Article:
Both KwikSet Premis and Schlage Sense locks are powered by 4 AA batteries. But KwikSet Premis and Schlage Sense can also be use without the batteries as “dumb” locks. The KwikSet Premis came with a set of Rayovac batteries and the Schlage Sense came with Duracell batteries.
The batteries’ mileage will depend on how often you use the locks. For the KwikSet Premis, we got the low battery warning after ~6 months of usage. And even after the batteries were apparently dead, we were still able to get notifications that the lock was being used. We couldnʼt lock the KwikSet Premis remotely but there was still enough juice in the unit to connect to the Apple TV.
In general, youʼll get into the house quicker if you have the Schlage Sense lock. To lock the door when youʼre leaving, all you have to do is press the Schlage symbol and walk away.
To unlock Schlage Sense, all you have to do is to punch in your code. There are lights behind the numbers that light up the moment you press the screen. Or if youʼre running Apple Home, you can setup a geo-fence to have the lock automatically lock whenever you leave your home.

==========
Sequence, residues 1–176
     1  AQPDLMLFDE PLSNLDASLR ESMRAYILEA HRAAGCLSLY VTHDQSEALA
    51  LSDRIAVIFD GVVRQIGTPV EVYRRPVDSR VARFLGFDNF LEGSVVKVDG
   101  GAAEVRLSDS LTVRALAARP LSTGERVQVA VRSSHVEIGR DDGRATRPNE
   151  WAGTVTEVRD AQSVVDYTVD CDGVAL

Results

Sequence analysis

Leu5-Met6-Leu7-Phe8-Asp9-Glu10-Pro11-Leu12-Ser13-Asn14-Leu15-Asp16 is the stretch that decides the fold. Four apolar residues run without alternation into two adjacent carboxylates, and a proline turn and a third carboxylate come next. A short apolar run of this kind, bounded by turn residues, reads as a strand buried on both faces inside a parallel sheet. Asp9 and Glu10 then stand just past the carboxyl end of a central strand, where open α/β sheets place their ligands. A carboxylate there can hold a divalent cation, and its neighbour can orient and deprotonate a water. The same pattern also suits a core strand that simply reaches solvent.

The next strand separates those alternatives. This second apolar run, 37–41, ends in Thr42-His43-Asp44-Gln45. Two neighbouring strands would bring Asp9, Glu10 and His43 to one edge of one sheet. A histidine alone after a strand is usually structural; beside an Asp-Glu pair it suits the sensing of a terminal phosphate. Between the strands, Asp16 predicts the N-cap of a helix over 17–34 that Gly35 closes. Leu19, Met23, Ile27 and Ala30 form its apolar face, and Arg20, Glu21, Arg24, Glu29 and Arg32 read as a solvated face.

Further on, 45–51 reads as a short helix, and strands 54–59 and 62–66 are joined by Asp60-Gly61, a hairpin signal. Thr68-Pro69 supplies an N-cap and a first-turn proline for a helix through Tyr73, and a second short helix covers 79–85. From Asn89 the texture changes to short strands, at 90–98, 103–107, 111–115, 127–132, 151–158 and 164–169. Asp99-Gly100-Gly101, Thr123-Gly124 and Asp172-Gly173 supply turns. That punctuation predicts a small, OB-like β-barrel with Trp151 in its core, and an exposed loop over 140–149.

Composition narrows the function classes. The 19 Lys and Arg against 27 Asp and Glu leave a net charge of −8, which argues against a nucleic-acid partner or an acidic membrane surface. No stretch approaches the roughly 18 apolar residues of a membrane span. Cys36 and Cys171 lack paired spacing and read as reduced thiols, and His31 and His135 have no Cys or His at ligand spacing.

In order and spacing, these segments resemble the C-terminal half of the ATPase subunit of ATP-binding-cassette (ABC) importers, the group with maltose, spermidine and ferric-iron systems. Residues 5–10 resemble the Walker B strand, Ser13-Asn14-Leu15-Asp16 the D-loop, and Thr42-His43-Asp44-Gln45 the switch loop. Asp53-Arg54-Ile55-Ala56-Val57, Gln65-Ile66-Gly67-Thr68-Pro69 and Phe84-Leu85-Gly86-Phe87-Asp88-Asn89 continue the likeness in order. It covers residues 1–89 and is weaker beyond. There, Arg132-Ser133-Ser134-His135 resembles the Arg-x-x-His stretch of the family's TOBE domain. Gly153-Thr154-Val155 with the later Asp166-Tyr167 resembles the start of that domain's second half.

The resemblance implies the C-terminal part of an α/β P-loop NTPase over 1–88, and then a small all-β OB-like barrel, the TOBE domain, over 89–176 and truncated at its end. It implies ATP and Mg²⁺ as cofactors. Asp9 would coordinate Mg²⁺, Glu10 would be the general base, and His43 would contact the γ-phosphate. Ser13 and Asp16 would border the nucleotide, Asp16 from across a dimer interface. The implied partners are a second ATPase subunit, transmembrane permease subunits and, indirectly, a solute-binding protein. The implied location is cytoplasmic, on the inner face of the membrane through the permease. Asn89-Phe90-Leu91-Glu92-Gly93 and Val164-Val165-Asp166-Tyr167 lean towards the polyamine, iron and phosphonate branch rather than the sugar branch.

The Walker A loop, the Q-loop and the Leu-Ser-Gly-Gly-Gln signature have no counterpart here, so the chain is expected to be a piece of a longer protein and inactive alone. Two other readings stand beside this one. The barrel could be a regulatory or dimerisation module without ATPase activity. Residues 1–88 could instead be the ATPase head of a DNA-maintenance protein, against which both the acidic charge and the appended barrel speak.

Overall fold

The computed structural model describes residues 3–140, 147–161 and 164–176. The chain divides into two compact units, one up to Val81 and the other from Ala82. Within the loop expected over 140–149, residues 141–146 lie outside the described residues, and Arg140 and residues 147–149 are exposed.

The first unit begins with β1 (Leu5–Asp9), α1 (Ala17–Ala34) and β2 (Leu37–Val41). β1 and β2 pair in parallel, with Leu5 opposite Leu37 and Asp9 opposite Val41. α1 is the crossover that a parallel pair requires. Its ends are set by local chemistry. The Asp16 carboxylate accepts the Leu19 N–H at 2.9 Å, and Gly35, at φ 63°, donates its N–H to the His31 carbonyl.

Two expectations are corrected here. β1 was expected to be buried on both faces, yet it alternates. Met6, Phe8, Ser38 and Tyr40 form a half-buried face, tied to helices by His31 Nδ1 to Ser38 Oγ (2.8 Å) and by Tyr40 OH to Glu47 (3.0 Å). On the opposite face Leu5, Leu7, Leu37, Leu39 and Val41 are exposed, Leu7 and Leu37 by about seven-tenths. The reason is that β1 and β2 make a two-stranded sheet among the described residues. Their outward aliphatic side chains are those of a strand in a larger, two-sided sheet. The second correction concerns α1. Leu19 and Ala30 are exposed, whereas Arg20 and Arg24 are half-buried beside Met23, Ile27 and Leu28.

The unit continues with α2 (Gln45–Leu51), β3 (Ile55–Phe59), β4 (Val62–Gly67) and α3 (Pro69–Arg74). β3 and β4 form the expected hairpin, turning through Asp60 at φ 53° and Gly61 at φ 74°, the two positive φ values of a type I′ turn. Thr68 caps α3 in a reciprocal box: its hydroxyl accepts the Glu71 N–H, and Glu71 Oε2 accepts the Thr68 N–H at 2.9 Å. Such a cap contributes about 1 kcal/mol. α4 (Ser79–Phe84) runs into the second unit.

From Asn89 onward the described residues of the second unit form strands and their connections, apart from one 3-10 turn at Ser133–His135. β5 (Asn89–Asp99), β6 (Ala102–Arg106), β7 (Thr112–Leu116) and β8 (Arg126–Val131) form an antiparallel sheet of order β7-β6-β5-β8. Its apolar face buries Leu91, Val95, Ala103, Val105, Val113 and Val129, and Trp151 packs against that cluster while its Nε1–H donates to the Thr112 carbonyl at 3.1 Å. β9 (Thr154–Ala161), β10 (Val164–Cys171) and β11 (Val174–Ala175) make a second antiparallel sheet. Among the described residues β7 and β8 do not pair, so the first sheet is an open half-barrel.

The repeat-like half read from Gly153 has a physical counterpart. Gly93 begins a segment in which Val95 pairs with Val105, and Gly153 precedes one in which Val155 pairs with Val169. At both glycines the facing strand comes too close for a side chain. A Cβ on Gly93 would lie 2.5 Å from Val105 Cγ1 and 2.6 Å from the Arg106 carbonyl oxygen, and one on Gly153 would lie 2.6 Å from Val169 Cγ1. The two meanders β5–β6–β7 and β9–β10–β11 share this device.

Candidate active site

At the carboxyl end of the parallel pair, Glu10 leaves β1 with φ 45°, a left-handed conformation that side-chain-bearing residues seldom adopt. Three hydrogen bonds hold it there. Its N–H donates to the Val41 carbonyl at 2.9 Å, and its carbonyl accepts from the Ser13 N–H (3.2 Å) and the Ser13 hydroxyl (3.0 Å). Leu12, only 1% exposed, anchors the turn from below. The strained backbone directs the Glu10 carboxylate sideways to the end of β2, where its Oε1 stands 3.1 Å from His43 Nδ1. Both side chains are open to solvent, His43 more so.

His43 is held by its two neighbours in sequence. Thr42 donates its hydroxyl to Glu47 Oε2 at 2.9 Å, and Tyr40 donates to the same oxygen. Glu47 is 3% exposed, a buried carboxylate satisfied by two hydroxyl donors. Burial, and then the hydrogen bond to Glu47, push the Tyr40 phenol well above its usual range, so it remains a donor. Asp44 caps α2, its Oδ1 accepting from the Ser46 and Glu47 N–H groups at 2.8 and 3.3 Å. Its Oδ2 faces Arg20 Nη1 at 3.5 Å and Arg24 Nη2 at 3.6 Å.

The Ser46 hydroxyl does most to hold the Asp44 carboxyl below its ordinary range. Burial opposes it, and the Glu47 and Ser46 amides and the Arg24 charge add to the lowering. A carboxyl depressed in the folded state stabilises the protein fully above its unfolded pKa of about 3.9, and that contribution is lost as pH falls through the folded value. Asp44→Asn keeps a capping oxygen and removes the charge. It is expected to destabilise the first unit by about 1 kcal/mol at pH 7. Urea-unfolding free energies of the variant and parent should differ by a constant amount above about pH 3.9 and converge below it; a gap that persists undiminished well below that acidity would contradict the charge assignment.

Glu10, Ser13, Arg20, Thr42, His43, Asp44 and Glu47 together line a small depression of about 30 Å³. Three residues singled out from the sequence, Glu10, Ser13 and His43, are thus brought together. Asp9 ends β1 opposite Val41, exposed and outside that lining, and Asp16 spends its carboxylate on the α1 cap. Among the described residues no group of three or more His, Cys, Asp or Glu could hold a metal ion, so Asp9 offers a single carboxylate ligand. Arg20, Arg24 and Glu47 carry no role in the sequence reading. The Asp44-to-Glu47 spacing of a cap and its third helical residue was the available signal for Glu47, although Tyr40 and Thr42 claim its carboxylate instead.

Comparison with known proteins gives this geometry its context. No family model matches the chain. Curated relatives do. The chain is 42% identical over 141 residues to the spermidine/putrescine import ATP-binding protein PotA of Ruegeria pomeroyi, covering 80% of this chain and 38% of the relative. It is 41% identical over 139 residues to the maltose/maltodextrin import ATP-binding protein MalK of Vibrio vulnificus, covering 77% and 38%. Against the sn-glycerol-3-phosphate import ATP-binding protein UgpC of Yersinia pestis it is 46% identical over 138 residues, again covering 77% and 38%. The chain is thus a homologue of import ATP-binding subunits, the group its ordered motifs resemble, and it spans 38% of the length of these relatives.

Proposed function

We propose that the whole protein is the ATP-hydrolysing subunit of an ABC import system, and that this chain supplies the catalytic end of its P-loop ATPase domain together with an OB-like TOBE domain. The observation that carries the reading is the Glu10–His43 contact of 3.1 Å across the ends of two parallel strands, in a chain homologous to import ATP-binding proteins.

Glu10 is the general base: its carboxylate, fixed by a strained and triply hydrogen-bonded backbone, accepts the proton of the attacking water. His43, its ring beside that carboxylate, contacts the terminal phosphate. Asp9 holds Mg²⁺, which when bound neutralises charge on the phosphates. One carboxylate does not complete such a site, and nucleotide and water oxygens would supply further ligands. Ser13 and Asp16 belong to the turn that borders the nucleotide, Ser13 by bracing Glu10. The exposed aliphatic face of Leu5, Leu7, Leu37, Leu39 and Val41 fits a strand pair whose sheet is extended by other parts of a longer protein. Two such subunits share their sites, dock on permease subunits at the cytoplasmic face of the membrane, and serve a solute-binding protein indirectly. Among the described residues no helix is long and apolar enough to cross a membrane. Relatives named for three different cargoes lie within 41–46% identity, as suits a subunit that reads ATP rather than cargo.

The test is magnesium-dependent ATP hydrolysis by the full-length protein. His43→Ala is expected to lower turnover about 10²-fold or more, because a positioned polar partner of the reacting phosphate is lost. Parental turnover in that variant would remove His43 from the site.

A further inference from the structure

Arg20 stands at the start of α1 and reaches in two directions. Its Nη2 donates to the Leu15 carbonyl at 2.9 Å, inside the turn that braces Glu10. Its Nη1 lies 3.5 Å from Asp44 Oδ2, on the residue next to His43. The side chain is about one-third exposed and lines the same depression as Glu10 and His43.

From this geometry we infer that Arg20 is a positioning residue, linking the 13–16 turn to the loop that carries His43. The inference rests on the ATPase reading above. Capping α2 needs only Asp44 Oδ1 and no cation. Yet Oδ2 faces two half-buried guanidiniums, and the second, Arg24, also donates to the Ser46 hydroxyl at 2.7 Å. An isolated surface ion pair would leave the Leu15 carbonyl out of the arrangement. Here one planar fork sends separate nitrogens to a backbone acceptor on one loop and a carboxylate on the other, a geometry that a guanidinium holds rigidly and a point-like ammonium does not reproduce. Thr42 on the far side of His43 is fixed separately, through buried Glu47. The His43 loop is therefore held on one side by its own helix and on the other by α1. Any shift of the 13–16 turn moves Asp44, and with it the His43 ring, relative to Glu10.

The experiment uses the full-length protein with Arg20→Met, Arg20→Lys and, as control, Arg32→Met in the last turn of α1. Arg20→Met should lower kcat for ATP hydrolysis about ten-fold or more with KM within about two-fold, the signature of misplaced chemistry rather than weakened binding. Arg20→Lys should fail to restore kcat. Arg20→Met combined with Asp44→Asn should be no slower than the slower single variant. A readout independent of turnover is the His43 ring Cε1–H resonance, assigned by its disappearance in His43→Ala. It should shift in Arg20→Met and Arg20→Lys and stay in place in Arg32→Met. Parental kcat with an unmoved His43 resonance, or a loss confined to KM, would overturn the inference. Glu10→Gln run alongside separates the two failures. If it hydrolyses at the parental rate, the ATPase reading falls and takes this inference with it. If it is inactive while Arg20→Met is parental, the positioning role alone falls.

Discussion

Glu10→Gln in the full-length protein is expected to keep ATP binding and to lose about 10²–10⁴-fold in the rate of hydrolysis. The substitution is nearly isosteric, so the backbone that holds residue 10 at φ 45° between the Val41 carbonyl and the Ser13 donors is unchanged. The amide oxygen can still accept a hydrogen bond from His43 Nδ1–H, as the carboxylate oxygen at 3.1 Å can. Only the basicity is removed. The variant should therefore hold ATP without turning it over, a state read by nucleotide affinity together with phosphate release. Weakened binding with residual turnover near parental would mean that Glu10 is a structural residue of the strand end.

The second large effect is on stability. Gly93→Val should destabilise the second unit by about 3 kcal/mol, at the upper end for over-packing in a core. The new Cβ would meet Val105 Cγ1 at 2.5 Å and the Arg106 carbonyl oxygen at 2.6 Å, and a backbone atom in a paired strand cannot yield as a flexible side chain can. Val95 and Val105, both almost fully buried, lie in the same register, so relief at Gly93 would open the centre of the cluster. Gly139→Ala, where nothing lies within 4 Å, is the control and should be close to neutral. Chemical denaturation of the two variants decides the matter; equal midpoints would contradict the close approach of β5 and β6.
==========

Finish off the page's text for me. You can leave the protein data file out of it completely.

One of the odd things, we noticed was there was a rubberized Schlage button on the inside of the lock. The rubber doesn’t do anything but we had this urge of pressing it whenever we see it. There is a small light behind the button that lights up when the internal alarm get’s set off. More on that in the next section.
The KwikSet Premis has a glossy cover and the keypad actually turns on and off. This adds an extra step to activate the lock. Because of the glossy cover, the KwikSet Premis requires you to enter in two random numbers before punching in your code. This is a security feature to ensure that your fingerprints are spread out over the entire surface rather than your code.